Gates gets the message

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Bill Gate's sent a memo to Microsoft employees, officially made public, claiming that they (Microsoft) "had done a terrific job at making our platform richly extensible, but all those great features won't matter if our customers don't trust our software".

The memo continues "when it comes to a choice between more features or security, then security comes first". Does this mean that Microsoft has changed and is about to give the customer some consideration at the expense of vast profit? Not a bit of it. Microsoft only exist at the size they are because they have a monopoly and they continue to make sales by releasing new features that users wish they could get rid of, but which force corporations to buy the upgrades for compatibility. Without the useless extensions why would anyone be stupid enough to buy a new version of Office? And they haven't done a terrific job, their software is awful!
The fact of life is that even Bill Gates realises that monopolies eventually fail and thus Microsoft must use their enormous power and money to create another monopoly in the future to replace the current PC-based one. Fairly obviously the target they have chosen is e-commerce and the Internet, but this is not proving an easy ride. In fact the signs are clearly there that the majority of businesses are moving away from yet another Microsoft dominated scenario.
It is worth noting the obvious reasons why users are reacting against Microsoft. They would like some choice, they don't fancy a Windows only world. The real e-commerce applications need to work with existing systems which are typically based on mainframes or Unix platforms, the users want continuity. Why replace a reliable, scalable system with one from a company famous for its unreliable software? It is not just security that is Microsoft's legacy, their software is technical junk, the equivalent of a motorcar which can't get out of the garage without crashing. End users are becoming increasingly aware of this.
And so as Microsoft tries to reposition itself as the infrastructure player of the future, the basic bad design of their own software has become their Achilles heel, it is a hackers delight, riddled with security holes. And because the hackers are sadistic, they are delighting in exposing these basic flaws to the public at large. Microsoft complain that they are the leader and thus they are more likely to be the target. That doesn't hold water with anyone, because the majority of business and Web systems are not based on Microsoft software and they are hacked far less often.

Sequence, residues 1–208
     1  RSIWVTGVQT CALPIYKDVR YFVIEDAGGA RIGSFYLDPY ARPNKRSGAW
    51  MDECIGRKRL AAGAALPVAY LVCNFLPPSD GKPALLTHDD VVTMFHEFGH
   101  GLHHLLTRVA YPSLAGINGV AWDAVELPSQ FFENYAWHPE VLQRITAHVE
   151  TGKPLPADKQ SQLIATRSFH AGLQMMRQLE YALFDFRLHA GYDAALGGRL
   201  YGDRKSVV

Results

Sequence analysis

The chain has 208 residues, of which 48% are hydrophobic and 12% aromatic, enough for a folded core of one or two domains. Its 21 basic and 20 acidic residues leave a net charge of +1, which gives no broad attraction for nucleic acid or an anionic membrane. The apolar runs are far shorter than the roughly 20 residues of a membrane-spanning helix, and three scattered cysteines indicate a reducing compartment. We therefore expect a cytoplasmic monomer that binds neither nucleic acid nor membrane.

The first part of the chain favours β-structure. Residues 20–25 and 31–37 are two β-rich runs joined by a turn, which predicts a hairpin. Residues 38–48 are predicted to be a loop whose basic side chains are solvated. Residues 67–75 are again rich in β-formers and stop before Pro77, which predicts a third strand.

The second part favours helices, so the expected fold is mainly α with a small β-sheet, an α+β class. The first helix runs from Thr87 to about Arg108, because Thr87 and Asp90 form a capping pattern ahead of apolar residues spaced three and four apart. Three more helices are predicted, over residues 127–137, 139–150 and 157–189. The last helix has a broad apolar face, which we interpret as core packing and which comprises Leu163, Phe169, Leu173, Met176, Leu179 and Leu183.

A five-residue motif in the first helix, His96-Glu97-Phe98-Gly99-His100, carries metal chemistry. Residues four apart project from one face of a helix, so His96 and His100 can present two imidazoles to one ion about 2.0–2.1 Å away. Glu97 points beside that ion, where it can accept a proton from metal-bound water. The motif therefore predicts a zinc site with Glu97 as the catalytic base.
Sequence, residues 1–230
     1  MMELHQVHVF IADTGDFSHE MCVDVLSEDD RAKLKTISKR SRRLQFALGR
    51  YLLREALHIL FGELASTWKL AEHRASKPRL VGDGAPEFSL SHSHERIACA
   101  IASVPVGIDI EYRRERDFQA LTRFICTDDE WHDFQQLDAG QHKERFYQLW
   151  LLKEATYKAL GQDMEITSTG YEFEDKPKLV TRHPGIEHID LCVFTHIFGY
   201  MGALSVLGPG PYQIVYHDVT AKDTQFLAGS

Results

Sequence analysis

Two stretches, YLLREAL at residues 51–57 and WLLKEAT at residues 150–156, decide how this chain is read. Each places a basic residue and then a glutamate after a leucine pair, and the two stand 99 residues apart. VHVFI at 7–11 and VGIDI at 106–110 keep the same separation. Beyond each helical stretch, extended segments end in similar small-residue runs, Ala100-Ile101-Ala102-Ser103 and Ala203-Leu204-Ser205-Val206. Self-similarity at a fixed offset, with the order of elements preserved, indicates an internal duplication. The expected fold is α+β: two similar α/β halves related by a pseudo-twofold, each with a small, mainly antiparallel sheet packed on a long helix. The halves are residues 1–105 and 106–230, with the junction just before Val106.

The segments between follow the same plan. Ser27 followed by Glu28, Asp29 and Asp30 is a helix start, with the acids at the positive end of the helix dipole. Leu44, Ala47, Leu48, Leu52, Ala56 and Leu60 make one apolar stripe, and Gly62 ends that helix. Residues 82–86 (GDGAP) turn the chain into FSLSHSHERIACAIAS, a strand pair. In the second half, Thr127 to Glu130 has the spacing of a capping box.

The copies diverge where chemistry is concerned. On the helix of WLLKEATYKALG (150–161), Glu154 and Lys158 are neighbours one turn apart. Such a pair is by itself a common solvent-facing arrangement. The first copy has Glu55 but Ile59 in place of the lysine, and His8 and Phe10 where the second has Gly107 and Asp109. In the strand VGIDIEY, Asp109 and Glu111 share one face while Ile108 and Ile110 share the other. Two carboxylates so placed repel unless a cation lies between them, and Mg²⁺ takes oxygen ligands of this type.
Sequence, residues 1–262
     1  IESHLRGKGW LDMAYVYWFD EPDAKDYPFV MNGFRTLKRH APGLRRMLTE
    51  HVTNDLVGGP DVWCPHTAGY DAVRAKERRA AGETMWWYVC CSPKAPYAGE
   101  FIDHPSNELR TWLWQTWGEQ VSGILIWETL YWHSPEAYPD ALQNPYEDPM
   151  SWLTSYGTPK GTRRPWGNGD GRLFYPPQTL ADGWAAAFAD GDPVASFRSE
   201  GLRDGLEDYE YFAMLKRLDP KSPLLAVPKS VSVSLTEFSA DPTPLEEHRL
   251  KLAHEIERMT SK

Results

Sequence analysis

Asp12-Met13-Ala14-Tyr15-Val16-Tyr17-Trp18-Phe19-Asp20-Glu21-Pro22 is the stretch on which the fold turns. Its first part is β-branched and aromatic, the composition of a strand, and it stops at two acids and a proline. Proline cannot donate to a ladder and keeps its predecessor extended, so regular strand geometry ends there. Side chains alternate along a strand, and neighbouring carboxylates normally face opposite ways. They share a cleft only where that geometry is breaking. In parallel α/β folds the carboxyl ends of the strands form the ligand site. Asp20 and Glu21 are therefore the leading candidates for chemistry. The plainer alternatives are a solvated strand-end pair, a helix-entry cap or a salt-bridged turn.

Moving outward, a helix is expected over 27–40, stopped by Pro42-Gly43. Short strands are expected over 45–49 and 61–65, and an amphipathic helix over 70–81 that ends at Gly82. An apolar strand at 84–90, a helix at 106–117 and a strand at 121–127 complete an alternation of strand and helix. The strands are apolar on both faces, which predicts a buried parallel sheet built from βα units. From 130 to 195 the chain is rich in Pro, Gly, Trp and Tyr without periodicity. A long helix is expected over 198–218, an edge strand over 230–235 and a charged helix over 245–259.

Solving Microsoft's technical problems is virtually impossible. They would have to revert to the original NT strategy and develop a completely new operating system, similar to Linux, ignoring backwards compatibility with Windows. A robust operating system and Windows compatibility are mutually exclusive, thus a robust system would be commercial suicide and they have to continue down the NT route as it has transpired.
If Microsoft can't find a proper solution to their problems without destroying their monopoly themselves (which they won't do), then they must lean back on their enormous strengths, marketing skills and customer loyalty. The former is Microsoft's forte; they are in a class of their own in the IT world, and probably in any other sector. They understand that what the customer thinks he is getting is far more important than what he gets. They also perfected the technique employed earlier by IBM of hiding the fact that they never meet the customer's expectations so that they could sell a replacement. It must be a sackable offence to produce a perfect software product!
The second strength is more intriguing. Most individuals I talk to are disgusted by the over complexity and unreliability of their PCs and yet those professionals who are directly involved continue down the Microsoft route (just as others continue down the IBM route). The fact of life is that while it is difficult for a user to change their system, it is far more difficult for programmers, support personnel and managers. Thus Visual Studio, which ties the developers into Windows, is probably more important to Microsoft's long term future than anything else. Anyone who is skilled at getting round the problems with Windows is not going to change to a better, simpler system and do himself out of a job!
And so if you can't solve the problem, just make some noise, which is all that Gates is doing.


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article 2002-03-29T00:00:00.000Z Martin Healey
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